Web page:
But I am not satisfied.

I have been to 23 nations. I have walked through the slums of Guatemala City and some of the worst favelas of Sao Paolo, bringing the hope of the Gospel. I have done street drama in Cuba. I have fellowshipped with and equipped underground church leaders in closed nations and been blessed by their devotion in the midst of persecution.

But I am not satisfied.

I have seen miracles: A blind man healed in Santiago, Chile. A young man in Chicago healed of cancer. A man in a remote village of Vietnam, near death with gangrene in his legs from stepping on a mine, healed and restored, resulting in his tribe turning to Christ.

But I am not satisfied.

I am not satisfied because what I have experienced in Jesus has only made me want more. It is as if all that I have seen and experienced in Him has only been a preamble to what is yet to come.

And I want it.

I am not content to stay where I am. I am not content to know what I know of Him and know no more. I am not content to sit back and say, “I have seen God’s hand on four continents. I have seen enough.”

No, I have not seen enough. I do not want a cultural expression of Jesus. I do not want a religious expression of Jesus. I do not want a denominational expression of Jesus.

I just want Jesus.

I want Jesus to turn what’s left of my world upside down. I want the rest of my flesh to be consumed by His presence. I want what’s left of my thoughts to become His thoughts, and my ways His ways.

The popular megachurch Jesus, the prophetic movement Jesus, the prosperity Jesus … all of these and those like them do not attract me. They do not attract me because the focus is on a human personality or a movement, not singly and wholeheartedly on Jesus.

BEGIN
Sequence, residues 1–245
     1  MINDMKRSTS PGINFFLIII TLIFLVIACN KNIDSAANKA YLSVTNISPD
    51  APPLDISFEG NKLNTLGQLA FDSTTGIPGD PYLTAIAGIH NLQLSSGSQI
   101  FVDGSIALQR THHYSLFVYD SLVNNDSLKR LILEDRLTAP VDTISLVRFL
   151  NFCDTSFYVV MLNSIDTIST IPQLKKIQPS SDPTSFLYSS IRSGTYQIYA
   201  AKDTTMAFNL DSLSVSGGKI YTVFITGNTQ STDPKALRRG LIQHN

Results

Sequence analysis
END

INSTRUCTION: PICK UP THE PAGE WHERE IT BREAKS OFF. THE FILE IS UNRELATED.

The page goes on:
I am tired of substitutes. And if I, who by God’s grace have encountered Jesus at many levels am tired of substitutes, how about the masses hungry for authenticity? Thirsty for real faith that satisfies?

Let me be gut honest. Much of what we have offered in the church has been polluted with flesh, compromise, human hero worship, pride, fleshly lust for attention, self-centered pursuit for personal gain, avoidance of sacrifice and resistance to submission. This diluted gospel has transformed no one. As a result, we have nearly lost our culture.

But there is a remnant like me. If you are still reading this, you are most likely part of it, too. You are not satisfied. You want Jesus and the pure, unadulterated, raw, flesh-crucifying Gospel. And you are willing to die for it.

Here is the wonderful, amazing, unfathomable, unimaginable news: Followers like you and I are the ones He is looking for.

Why I rarely post opinion on social media

In today’s world, news channels and coffee shops are filled with people sharing their opinions, often in a manner that is prideful, abrasive, and rarely involving well-thought-out responses to critical questions. So why not jump into the fray and do the same? I have deep convictions and heart-felt opinions. I grieve, for example, over how recent years have brought the decay of our moral foundation and the loss of the beacon of hope this nation once represented. I am troubled by our lack of leadership and loss of influence in the world. I am appalled over how a segment of our nation has rejected the foundations of Eternal Truth and become intolerant to those who believe. So why do I refrain from engaging in opinion sharing on social media?